Building an organizational culture of design thinking

with the American Marketing Association

Post-it notes organized by AMA with Highland during a design exercise.

Scott Stern, the Director of Innovation & Insights at the American Marketing Association, is serious about customer research.

“There’s no excuse for doing something that’s going to fail based on your own preconceived notions. In the CIA, that’s what leads to people getting killed. In this world, it leads to businesses failing.”

As a former CIA analyst, Scott is an expert in uncovering assumptions and applying rigorous frameworks in order to understand people and scenarios. After attending a design sprint workshop, Scott was immediately enamored with the rapid, process-based approach to developing new ideas and conducting customer research.

“Design thinking is a valuable way of focusing on the customer. It helps you separate what you know from what you think you know. I would rather have a structured, repeatable approach that leads us to a wrong answer than some random, brilliant idea.”

So when Suzanne Fichter, Highland’s Director of Business Development, reached out to see if the AMA needed any support bringing design thinking practices into the 81-year-old organization, Scott was intrigued.

Moving to a customer-focused way of thinking

The AMA was in the midst of an organizational identity change, and they were looking for a collaborative partner to help them internalize this shift.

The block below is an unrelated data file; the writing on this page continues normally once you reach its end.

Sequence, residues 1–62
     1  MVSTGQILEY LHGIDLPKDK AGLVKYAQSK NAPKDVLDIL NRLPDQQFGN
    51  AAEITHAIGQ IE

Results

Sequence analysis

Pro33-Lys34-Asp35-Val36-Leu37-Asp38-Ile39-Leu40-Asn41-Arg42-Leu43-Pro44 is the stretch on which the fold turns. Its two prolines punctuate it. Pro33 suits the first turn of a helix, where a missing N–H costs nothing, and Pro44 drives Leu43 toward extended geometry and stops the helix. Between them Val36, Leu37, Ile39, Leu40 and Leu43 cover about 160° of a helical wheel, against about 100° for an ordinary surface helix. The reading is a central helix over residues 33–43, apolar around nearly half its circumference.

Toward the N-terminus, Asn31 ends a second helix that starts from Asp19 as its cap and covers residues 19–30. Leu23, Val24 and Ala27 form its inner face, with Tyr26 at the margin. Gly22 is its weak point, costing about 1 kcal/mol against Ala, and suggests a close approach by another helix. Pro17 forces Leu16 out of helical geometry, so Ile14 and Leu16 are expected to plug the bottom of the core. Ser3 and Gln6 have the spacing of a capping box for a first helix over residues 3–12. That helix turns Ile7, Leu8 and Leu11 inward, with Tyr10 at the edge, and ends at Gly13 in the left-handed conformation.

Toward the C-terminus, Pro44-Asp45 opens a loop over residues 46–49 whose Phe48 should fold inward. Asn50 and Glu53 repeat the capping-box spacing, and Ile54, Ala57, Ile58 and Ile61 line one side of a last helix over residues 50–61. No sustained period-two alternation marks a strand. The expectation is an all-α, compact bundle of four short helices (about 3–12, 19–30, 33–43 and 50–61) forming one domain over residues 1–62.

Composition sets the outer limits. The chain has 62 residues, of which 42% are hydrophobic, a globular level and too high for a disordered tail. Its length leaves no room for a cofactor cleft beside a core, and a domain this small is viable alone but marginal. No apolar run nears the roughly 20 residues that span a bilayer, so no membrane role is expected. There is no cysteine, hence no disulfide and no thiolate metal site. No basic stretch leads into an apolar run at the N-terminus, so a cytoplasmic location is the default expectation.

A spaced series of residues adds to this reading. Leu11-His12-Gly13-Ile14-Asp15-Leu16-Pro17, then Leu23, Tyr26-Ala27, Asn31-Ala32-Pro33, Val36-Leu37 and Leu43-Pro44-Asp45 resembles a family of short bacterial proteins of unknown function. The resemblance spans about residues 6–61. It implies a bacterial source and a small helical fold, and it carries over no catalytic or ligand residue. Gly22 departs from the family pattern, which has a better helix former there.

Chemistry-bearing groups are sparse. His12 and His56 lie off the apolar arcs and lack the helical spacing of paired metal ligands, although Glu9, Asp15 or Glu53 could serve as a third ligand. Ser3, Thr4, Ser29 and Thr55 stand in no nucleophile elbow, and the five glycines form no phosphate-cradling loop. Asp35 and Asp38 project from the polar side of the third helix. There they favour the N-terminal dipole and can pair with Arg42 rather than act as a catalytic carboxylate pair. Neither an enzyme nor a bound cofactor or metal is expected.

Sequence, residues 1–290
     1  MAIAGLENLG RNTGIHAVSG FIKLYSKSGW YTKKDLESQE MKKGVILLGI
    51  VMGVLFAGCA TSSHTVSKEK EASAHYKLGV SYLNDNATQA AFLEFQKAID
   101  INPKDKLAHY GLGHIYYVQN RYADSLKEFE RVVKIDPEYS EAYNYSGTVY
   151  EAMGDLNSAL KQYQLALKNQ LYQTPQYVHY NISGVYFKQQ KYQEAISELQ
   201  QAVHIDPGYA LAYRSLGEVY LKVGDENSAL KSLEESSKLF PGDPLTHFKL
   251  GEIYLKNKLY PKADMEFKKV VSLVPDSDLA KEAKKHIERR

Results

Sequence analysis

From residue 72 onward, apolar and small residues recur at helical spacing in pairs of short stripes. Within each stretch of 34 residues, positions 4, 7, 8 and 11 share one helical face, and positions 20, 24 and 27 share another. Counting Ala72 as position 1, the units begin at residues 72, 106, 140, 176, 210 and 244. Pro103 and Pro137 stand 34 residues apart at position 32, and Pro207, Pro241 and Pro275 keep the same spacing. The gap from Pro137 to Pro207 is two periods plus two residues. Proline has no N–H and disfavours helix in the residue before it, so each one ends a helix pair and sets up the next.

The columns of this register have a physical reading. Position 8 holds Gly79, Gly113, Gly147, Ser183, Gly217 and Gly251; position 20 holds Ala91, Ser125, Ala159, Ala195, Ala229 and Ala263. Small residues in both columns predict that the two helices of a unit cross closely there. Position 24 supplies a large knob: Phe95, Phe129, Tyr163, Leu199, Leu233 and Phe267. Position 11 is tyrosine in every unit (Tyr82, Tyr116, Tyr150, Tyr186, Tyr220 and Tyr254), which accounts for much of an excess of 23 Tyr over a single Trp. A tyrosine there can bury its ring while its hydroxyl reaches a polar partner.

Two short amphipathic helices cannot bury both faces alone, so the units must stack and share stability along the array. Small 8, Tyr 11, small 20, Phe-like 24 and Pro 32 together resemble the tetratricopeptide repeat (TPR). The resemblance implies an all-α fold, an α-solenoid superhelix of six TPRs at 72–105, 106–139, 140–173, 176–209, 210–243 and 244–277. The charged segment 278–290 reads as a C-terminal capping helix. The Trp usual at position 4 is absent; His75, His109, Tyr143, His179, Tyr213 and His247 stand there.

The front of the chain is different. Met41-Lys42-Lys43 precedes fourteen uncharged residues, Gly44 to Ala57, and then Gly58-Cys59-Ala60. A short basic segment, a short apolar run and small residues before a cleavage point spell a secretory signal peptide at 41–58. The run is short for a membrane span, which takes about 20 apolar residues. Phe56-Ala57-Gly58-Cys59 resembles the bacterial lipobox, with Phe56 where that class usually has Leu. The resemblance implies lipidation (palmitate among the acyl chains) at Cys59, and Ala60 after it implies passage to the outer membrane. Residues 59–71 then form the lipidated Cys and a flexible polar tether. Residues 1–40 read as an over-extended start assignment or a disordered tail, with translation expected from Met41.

“The AMA is moving away from a very us-focused way of thinking. We talk about putting the customer first all the time. But actually doing it is really hard. We knew we needed some help to institutionalize that approach.”

Scott met with Suzanne and David Whited, the Director of Highland’s CX Practice. Scott appreciated the critical lens that Highland took constructing the project scope.

Highland didn’t just say, "Yes, we will just do a design sprint for you." You really dug into what we were trying to do, pushed back, and gave us some things to think about. It was about more than just the process. It was about getting to the right outcomes.
Scott Stern
Director of Innovation & Insights, the American Marketing Association

Starting strong with JTBD research

Before diving into the Design Sprint, Highland recommended that the AMA first do Jobs to Be Done (JTBD) Research to gain fresh insights on their customers. Highland provided guidance to the AMA on how to conduct JTBD interviews, and then used the information the AMA team collected throughout the Design Sprint.